In 2015 (reaffirmed 2019) ACOG released new guidelines were released on Exercise during Pregnancy and Postpartum, these are the most up-to-date pregnancy and postpartum exercise guidelines. So just what is safe? Hot Yoga? Crossfit? High Intensity Training?
Every pregnancy, as well as every active mama-to-be, is different. After working with Dr. Hopkins (co-author of the ACOG Guidelines), I have listed some facts about intense exercise below. Take a read through them to help you decide what is too much for you and your growing baby. We cover all of these topics and more in our comprehensive Prenatal & Postnatal Starter Pack.
Overall, exercise should not exceed pre-pregnancy levels. So pregnancy is not the best time to start something new. Stick to what you were doing or start out slowly (read more about that here). ACSM suggests that moderate to hard is quite safe for a woman who is accustomed to this level of exercise.
Depending which trimester you are in, your RPE will gauge differently. If you are in your first trimester and spend most of your day fatigued, tired and nauseous, your exertion range will be achieved by very little. If you are in your third trimester and was up five times overnight using the bathroom your perceived exertion range will be achieved by very little. But, if you are in your second trimester and feeling “normal” and energetic your range will only be achieved by doing more. So gauge appropriately.
Safe aerobic exercise during pregnancy includes: walking, swimming, stationary cycling, low-impact aerobics, racquet sports, running or jogging. Unless you were running or playing racquet sports prior to getting pregnant, these should not be initiated during pregnancy.
Safe strength-training exercise includes: Pilates, Yoga, body weight exercises and strength training with free weights (avoiding the abdomen).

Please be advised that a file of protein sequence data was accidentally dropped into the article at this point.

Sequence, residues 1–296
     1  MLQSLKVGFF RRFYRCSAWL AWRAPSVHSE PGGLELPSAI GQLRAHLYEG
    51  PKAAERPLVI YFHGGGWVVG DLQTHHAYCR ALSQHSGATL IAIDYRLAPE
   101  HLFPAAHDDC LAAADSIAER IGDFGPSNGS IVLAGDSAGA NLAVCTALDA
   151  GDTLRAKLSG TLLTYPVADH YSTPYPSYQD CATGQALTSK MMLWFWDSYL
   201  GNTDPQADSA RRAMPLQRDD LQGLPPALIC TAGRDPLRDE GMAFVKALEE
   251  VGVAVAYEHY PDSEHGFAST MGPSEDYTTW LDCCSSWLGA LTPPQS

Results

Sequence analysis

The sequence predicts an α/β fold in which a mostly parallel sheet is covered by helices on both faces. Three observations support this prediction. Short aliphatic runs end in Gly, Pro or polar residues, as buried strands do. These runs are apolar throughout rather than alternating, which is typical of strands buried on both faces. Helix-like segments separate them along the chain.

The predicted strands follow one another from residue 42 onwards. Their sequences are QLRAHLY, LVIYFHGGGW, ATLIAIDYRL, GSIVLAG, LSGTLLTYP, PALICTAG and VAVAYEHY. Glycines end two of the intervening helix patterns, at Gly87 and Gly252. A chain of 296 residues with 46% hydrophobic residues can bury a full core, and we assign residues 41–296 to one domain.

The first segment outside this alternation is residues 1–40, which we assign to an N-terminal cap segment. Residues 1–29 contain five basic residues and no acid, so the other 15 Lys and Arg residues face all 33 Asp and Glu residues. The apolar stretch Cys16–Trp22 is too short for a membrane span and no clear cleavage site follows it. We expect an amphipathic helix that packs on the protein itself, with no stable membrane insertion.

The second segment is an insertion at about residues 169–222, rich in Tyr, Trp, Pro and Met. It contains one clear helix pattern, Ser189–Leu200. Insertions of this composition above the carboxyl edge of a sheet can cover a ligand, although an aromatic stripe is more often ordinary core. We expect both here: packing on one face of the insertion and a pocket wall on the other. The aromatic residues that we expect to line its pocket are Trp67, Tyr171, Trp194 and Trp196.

If you refer to the ACOG CO650, it cites the Department of Health and Human Services recommendation that pregnant women who engage in consistent vigorous intensity aerobic capacity (e.g. running) can continue to do so as long as this type of exercise is discussed with a healthcare provider and adjusted over time.
High demands in strength training can induce the Valsalva maneuver (holding your breath during the exertion phase) and can cause intra-abdominal pressure. Also, fast or increased strength training can pose a danger to the belly with fast-moving weights. It is better to use higher repetitions than heavier weights.
Upper limits (how intense exercise can be) have not been tested. And, currently, there is no research that shows the upper limits of prenatal exercise. This could be due to a lack of participants, safety and/or the fact that it’s hard to test differing upper limits.
Athletes can attempt to push their limits of pain and intensity. For example, a pregnant woman feels a Rate of Perceived Exertion of 8 (on a 10 point scale) while doing intense exercise. But, maybe as an athlete she has “turned off” her guide, as she is used to pushing through fatigue or finishing the repetitions. Read more about your fit pregnancy.
Hot Yoga and Hot Pilates are not recommended by ACOG.
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